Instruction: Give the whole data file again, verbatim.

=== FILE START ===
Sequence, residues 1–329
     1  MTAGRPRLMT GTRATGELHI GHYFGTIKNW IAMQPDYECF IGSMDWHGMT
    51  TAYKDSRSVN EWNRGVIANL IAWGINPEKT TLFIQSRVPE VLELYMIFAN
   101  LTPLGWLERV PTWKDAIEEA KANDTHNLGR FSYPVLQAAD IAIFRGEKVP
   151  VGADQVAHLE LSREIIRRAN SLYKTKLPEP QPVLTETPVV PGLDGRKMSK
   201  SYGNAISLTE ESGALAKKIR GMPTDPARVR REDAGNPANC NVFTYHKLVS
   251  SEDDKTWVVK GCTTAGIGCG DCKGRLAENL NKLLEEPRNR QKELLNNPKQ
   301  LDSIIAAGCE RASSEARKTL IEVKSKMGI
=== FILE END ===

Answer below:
Sequence, residues 1–329
     1  MTAGRPRLMT GTRATGELHI GHYFGTIKNW IAMQPDYECF IGSMDWHGMT
    51  TAYKDSRSVN EWNRGVIANL IAWGINPEKT TLFIQSRVPE VLELYMIFAN
   101  LTPLGWLERV PTWKDAIEEA KANDTHNLGR FSYPVLQAAD IAIFRGEKVP
   151  VGADQVAHLE LSREIIRRAN SLYKTKLPEP QPVLTETPVV PGLDGRKMSK
   201  SYGNAISLTE ESGALAKKIR GMPTDPARVR REDAGNPANC NVFTYHKLVS
   251  SEDDKTWVVK GCTTAGIGCG DCKGRLAENL NKLLEEPRNR QKELLNNPKQ
   301  LDSIIAAGCE RASSEARKTL IEVKSKMGI